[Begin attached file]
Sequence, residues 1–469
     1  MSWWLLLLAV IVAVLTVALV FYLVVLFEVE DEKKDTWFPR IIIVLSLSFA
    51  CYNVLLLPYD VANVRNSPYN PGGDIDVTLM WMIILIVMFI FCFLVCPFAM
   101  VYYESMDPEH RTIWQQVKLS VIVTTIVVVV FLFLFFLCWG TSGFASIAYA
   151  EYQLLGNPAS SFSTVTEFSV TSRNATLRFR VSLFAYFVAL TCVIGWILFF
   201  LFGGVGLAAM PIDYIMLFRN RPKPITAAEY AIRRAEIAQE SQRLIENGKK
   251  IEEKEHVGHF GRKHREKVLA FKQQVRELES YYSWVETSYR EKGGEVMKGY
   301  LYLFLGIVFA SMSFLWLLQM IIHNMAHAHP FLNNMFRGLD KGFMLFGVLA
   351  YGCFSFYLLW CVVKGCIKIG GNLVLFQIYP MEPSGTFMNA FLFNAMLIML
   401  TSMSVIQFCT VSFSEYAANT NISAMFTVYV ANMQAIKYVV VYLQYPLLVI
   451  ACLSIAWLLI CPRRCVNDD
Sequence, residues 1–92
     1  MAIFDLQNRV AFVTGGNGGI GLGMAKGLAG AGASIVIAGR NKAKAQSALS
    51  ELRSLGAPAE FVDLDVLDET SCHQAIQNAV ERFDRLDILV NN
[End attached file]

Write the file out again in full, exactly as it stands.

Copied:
Sequence, residues 1–469
     1  MSWWLLLLAV IVAVLTVALV FYLVVLFEVE DEKKDTWFPR IIIVLSLSFA
    51  CYNVLLLPYD VANVRNSPYN PGGDIDVTLM WMIILIVMFI FCFLVCPFAM
   101  VYYESMDPEH RTIWQQVKLS VIVTTIVVVV FLFLFFLCWG TSGFASIAYA
   151  EYQLLGNPAS SFSTVTEFSV TSRNATLRFR VSLFAYFVAL TCVIGWILFF
   201  LFGGVGLAAM PIDYIMLFRN RPKPITAAEY AIRRAEIAQE SQRLIENGKK
   251  IEEKEHVGHF GRKHREKVLA FKQQVRELES YYSWVETSYR EKGGEVMKGY
   301  LYLFLGIVFA SMSFLWLLQM IIHNMAHAHP FLNNMFRGLD KGFMLFGVLA
   351  YGCFSFYLLW CVVKGCIKIG GNLVLFQIYP MEPSGTFMNA FLFNAMLIML
   401  TSMSVIQFCT VSFSEYAANT NISAMFTVYV ANMQAIKYVV VYLQYPLLVI
   451  ACLSIAWLLI CPRRCVNDD
Sequence, residues 1–92
     1  MAIFDLQNRV AFVTGGNGGI GLGMAKGLAG AGASIVIAGR NKAKAQSALS
    51  ELRSLGAPAE FVDLDVLDET SCHQAIQNAV ERFDRLDILV NN